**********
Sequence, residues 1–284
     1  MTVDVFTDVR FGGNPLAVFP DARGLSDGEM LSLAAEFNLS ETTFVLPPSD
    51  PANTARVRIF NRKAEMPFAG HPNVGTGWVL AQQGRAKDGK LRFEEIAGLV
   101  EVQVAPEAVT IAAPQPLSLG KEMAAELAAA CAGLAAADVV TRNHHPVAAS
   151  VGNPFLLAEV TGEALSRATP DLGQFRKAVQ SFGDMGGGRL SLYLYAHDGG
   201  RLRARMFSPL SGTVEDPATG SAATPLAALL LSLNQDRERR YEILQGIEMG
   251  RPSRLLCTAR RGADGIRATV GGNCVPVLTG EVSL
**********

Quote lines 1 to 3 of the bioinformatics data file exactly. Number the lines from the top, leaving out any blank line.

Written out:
Sequence, residues 1–284
     1  MTVDVFTDVR FGGNPLAVFP DARGLSDGEM LSLAAEFNLS ETTFVLPPSD
    51  PANTARVRIF NRKAEMPFAG HPNVGTGWVL AQQGRAKDGK LRFEEIAGLV